Powder flow and cohesivity, reflected by their rheological properties, are in good agreement with those measured by traditional flow measurements. Powder rheometer is found to be able to detect subtle differences in powder flow behaviours because it can test samples over a wide range of stress conditions and can be a useful tool for powder flow characterization.

Acknowledgments

Thanks to Hosokawa Micron Corporation for their help in mechanofusion operations. Q.Z. acknowledges the financial support from Faculty of Pharmacy and Pharmaceutical Sciences, Monash University in the form of faculty scholarship.

References

  1. Abdullah E.C., Geldart D., The use of bulk density measurements as flowability indicators, Powder Technol. 102 (1999) 151–165. [CrossRef] (In the text)
  2. Adi H., Larson I., Chiou H., Young P., Traini D., Stewart P., Agglomerate strength and dispersion of salmeterol xinafoate from powder mixtures for inhalation, Pharm. Res. 23 (2006) 2556–2565. [CrossRef] [PubMed] (In the text)
  3. Adi H., Larson I., Stewart P., Laser diffraction particle sizing of cohesive lactose powders, Powder Technol. 179 (2007) 90–94. [CrossRef] (In the text)
  4. Alonso M., Satoh M., Miyanami K., Mechanism of the combined coating – mechanofusion processing of powders, Powder Technol. 59 (1989) 45–52. [CrossRef] (In the text)
  5. Alvarez R.C., Ageorges H., Fauchais P., Fournier P., Smith A., The effect of mechanofusion process and planetary-milling on composite powder preparation: agglomeration and fragmentation, Mater. Sci. Forum. 442 (2003) 67–72. [CrossRef] (In the text)
  6. Amidon G.E., Bergren M.S., Grant D.J.W., Marshall K., Itai S., Physical test methods for powder flow characterization of pharmaceutical materials: a review of methods stimuli to the revision process, Pharmacopeial Forum 25 (1999) 8298–8308. (In the text)
  7. Begat P., Price R., Harris H., Morton D.A.V., Staniforth J.N., The influence of force control agents on the cohesive-adhesive balance in dry powder inhaler formulations, KONA Powder Part. J. 23 (2005) 109–121. (In the text)
  8. Bose S., Bogner R.H., Solventless pharmaceutical coating processes: a review, Pharm. Dev. Technol. 12 (2007) 115–131. [CrossRef] [PubMed] (In the text)
  9. Carr R.L., Evaluating flow properties of solids, Chem. Eng. 72 (1965) 163–168. (In the text)
  10. Castellanos A., The relationship between attractive interparticle forces and bulk behaviour in dry and uncharged fine powders, Adv. Phys. 54 (2005) 263–376. [CrossRef] (In the text)
  11. Chen W.L., Dave R.N., Pfeffer R., Walton O., Numerical simulation of Mechanofusion system, Powder Technol. 146 (2004) 121–136. [CrossRef] (In the text)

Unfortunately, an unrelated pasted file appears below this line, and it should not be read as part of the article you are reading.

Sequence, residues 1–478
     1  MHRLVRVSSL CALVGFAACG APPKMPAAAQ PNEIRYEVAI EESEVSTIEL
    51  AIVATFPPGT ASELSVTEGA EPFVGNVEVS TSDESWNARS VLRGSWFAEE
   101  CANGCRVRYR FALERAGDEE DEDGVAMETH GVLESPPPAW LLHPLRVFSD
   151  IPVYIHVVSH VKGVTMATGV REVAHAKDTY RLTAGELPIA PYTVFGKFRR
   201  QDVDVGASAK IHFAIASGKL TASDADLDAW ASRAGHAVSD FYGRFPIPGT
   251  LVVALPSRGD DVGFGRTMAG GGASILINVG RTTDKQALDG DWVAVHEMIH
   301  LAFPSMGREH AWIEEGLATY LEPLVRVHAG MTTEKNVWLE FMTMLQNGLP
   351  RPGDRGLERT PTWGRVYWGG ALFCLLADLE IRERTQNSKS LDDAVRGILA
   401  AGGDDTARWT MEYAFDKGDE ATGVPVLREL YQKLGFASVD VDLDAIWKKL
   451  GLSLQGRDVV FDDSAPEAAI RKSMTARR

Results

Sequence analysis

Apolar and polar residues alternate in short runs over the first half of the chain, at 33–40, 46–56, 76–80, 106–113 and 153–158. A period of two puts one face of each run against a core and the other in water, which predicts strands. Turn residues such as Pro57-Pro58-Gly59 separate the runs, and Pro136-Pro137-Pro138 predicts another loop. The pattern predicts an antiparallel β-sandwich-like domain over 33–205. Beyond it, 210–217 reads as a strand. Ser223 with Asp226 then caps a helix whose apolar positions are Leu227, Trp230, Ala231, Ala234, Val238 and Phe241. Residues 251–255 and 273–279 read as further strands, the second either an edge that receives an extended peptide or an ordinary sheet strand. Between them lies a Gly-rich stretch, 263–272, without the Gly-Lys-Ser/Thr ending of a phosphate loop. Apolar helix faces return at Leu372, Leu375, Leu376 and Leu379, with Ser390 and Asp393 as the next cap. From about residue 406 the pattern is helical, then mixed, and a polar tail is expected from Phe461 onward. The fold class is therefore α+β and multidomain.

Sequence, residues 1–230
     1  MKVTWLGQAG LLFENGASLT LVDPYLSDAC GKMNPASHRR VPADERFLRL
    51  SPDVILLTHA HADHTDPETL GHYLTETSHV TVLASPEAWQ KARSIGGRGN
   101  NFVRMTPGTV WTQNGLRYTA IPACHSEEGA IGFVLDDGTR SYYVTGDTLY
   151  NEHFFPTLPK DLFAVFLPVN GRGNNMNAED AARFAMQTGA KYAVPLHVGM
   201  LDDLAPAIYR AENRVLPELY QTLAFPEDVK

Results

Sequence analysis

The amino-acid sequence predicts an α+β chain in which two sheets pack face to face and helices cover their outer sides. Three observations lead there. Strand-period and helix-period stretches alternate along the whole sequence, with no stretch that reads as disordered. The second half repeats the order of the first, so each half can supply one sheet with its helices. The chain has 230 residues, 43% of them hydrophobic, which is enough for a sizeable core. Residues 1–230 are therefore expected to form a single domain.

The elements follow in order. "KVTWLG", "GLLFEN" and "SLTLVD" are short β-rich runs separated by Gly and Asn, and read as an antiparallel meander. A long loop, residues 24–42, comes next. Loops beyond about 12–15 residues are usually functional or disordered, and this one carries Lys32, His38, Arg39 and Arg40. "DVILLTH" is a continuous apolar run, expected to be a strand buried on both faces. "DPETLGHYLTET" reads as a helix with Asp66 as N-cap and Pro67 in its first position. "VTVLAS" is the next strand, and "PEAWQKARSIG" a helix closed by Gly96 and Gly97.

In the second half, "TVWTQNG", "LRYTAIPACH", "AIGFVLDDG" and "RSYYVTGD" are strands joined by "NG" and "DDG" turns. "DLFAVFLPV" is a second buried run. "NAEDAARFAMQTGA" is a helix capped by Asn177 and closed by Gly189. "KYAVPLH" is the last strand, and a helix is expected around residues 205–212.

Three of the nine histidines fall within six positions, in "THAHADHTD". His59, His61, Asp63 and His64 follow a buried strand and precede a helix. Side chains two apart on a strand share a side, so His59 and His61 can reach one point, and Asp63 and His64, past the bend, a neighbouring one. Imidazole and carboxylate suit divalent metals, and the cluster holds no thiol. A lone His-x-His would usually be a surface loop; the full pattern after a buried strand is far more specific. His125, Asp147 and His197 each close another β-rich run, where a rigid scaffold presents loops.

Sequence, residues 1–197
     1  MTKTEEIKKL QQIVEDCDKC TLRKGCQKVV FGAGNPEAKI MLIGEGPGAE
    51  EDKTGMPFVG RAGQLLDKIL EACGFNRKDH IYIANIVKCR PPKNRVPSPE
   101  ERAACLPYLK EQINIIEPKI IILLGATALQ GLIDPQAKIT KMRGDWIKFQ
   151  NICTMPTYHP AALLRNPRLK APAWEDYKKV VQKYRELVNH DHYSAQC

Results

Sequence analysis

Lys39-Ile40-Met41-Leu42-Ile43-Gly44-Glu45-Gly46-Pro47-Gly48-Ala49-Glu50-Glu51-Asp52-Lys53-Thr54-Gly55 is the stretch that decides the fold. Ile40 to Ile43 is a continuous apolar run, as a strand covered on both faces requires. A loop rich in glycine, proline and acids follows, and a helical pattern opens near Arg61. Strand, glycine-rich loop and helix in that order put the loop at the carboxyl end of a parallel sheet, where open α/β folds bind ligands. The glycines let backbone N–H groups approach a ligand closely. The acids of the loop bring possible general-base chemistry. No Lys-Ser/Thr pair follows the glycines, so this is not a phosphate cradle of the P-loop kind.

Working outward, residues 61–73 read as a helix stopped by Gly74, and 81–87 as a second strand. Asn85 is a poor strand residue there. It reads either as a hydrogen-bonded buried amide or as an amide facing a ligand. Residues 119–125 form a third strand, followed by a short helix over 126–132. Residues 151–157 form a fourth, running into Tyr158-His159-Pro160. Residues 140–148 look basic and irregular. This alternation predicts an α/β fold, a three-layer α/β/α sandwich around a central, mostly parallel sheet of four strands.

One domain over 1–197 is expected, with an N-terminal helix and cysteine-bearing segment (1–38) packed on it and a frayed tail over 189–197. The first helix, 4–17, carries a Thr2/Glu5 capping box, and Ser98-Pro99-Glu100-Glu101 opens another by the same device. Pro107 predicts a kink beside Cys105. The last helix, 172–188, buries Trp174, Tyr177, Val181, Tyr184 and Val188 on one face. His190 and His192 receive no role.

12. Dave R., Chen W.L., Mujumdar A., Wang W.Q., Pfeffer R., Numerical simulation of dry particle coating processes by the discrete element method, Adv. Powder Technol. 14 (2003) 449–470. [CrossRef] (In the text)
  13. Freeman R., Measuring the flow properties of consolidated conditioned and aerated powders – A comparative study using a powder rheometer and a rotational shear cell, Powder Technol. 174 (2007) 25–33. [CrossRef] (In the text)
  14. Geldart D., Types of gas fluidization, Powder Technol. 7 (1973) 285–292. [CrossRef] (In the text)
  15. Hausner H.H., Friction conditions in a mass of metal powder, Int. J. Powder Metall. 3 (1967) 7–13. (In the text)
  16. Hou H., Sun C.C., Quantifying effects of particulate properties on powder flow properties using a ring shear tester, J. Pharm. Sci. 97 (2008) 4030–4039. [CrossRef] [PubMed] (In the text)
  17. Iida K., Hayakawa Y., Okamoto H., Danjo K., Leuenberger H., Evaluation of flow properties of dry powder inhalation of salbutamol sulfate with lactose carrier, Chem. Pharm. Bull. 49 (2001) 1326–1330. [CrossRef] [PubMed] (In the text)
  18. Jiang Y.B., Matsusaka S., Masuda H., Yokoyama T., Evaluation of flowability of composite particles and powder mixtures by a vibrating capillary method, J. Chem. Eng. Jpn. 39 (2006) 14–21. [CrossRef] (In the text)
  19. Jones M.D., Price R., The influence of fine excipient particles on the performance of carrier-based dry powder inhalation formulations, Pharm. Res. 23 (2006) 1665–1674. [CrossRef] [PubMed] (In the text)
  20. Kim E.H.J., Chen X.D., Pearce D., Effect of surface composition on the flowability of industrial spray-dried dairy powders, Colloids Surf. B 46 (2005) 182–187. [CrossRef] (In the text)
  21. Kumon M., Machida S., Suzuki M., Kusai A., Yonemochi E., Terada K., Application and mechanism of inhalation profile improvement of DPI formulations by mechanofusion with magnesium stearate, Chem. Pharm. Bull. 56 (2008) 617–625. [CrossRef] [PubMed] (In the text)